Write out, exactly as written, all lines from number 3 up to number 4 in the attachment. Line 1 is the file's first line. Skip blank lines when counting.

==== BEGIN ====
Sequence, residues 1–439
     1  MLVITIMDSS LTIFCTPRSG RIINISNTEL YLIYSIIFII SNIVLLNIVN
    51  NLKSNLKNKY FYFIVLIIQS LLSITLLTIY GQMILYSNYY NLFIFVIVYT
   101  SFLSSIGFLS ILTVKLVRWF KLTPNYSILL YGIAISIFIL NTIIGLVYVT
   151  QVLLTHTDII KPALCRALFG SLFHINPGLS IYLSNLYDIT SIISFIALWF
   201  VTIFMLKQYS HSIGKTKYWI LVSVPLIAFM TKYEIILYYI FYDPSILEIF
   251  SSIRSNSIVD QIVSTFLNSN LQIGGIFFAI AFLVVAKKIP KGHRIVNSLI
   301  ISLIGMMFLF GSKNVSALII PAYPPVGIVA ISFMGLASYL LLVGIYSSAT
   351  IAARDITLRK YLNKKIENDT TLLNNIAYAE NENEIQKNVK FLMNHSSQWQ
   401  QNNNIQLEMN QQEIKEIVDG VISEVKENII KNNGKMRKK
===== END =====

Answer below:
    51  NLKSNLKNKY FYFIVLIIQS LLSITLLTIY GQMILYSNYY NLFIFVIVYT
   101  SFLSSIGFLS ILTVKLVRWF KLTPNYSILL YGIAISIFIL NTIIGLVYVT